My name is Alain Verreault, and
I'm an associate professor in
the Department of Pathology and
Cell Biology at
the University of Montreal.
And my group studies
nucleosome assembly during DNA
replication at the Institute for
Research in Immunology and Cancer.
The aim of this lecture is
to describe the process of
nucleosome assembly coupled
to DNA replication.
I also intend to explain some
of the physiological and
biomedical implications of this
important but poorly understood pathway.
references to original papers or
reviews are indicated at
the bottom of each slide.
I've divided this lecture
into four sections.
First, I'll describe the generic
structure of chromatin.
In the second part,
I will present an overview of chromatin
rearrangements that occur during
S-phase of the cell cycle.
The third portion of my presentation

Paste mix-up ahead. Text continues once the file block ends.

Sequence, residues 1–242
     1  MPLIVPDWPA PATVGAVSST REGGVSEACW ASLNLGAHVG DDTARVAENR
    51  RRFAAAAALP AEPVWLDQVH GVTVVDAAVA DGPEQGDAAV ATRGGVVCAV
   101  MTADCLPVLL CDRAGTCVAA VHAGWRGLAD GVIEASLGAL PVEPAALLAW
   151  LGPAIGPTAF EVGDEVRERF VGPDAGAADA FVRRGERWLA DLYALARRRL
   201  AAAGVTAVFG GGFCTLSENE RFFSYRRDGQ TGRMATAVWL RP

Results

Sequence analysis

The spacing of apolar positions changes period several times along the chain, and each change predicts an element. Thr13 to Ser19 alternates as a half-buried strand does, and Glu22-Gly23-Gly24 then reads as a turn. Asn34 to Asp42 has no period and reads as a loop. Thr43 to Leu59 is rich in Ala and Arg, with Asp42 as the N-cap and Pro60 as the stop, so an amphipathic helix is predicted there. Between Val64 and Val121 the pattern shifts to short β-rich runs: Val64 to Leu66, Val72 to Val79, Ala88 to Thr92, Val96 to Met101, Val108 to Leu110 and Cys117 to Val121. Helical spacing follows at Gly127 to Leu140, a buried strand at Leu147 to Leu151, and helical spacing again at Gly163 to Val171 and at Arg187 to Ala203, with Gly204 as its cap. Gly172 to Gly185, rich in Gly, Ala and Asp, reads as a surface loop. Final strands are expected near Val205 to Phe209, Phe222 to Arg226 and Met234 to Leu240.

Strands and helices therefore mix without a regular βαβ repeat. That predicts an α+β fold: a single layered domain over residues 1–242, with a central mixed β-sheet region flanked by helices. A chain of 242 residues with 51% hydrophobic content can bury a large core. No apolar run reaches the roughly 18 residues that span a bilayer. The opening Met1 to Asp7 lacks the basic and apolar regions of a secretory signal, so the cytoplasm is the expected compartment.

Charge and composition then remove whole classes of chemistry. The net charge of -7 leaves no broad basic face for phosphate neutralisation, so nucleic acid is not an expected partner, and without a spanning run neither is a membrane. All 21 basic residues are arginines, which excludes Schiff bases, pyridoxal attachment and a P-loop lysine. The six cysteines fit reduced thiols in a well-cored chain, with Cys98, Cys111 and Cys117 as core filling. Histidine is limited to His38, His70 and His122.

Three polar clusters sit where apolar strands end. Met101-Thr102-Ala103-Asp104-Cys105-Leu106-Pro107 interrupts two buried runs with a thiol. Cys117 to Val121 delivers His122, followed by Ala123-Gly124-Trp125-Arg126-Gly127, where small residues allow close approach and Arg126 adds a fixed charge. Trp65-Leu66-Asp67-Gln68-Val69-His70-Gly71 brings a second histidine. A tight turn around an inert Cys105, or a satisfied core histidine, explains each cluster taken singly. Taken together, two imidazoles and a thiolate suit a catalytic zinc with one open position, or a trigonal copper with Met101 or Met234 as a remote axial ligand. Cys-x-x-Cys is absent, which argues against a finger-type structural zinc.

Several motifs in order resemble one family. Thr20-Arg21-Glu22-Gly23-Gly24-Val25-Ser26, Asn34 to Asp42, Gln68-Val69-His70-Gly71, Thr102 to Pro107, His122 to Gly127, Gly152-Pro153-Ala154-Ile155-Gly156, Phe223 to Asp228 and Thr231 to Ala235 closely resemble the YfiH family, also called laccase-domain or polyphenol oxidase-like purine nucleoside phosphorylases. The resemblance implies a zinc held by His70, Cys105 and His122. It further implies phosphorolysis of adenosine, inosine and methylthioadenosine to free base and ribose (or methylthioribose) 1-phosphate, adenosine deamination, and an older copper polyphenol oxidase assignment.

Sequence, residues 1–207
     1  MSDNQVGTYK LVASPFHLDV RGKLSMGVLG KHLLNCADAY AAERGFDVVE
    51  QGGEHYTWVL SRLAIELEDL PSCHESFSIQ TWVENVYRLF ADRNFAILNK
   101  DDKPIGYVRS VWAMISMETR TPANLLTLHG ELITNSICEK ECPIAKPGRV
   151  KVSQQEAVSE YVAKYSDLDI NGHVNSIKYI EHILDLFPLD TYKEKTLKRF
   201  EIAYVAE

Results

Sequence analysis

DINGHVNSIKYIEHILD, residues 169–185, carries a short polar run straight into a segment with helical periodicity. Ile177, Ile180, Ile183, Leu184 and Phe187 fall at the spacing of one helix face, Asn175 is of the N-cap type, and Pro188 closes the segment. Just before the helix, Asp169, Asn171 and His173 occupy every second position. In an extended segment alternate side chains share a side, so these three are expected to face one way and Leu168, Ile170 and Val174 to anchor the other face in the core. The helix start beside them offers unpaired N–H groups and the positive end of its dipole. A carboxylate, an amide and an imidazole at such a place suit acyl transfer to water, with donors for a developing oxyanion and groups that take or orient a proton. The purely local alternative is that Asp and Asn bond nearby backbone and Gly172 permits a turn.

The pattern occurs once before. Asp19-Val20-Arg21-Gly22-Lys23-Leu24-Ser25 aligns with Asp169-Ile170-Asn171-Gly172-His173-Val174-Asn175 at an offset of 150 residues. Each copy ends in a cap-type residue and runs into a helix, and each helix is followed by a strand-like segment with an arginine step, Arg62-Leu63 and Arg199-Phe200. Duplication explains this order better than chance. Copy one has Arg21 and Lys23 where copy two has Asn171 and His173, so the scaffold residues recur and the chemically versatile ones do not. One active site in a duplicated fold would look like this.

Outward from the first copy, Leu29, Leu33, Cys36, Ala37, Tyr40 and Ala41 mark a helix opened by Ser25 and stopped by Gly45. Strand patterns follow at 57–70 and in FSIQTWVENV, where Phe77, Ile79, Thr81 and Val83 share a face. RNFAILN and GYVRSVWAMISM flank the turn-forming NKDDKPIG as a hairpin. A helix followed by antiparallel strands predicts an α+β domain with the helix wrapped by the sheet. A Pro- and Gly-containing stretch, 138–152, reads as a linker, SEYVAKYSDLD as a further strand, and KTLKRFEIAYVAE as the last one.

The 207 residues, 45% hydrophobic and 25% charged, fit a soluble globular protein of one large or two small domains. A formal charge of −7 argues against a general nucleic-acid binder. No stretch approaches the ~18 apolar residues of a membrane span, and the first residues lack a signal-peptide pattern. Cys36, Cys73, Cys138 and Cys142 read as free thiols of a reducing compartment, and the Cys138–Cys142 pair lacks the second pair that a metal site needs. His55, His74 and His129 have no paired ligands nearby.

will focus on the replication-coupled
And the final segment of the lecture
will describe some of the biomedical
implications of replication-coupled
The primary function of histones
in chromatin is to package DNA
within the cell nucleus.
The sheer magnitude of DNA compaction
that is necessary to package
human DNA can be illustrated
with a few telling numbers.
Each cell in the human body contains a
total length of about 2 meters of DNA that
is confined within a cell nucleus whose
diameter is only about 10 micrometers.
A simple calculation reveals
that the total length of DNA
in an average-sized human body
is equivalent to a staggering
1,500 round trips from
the Earth to the sun.
The obvious challenge is to
package this enormous amount of
DNA in a form that allows regulated access
to genetic information whenever necessary.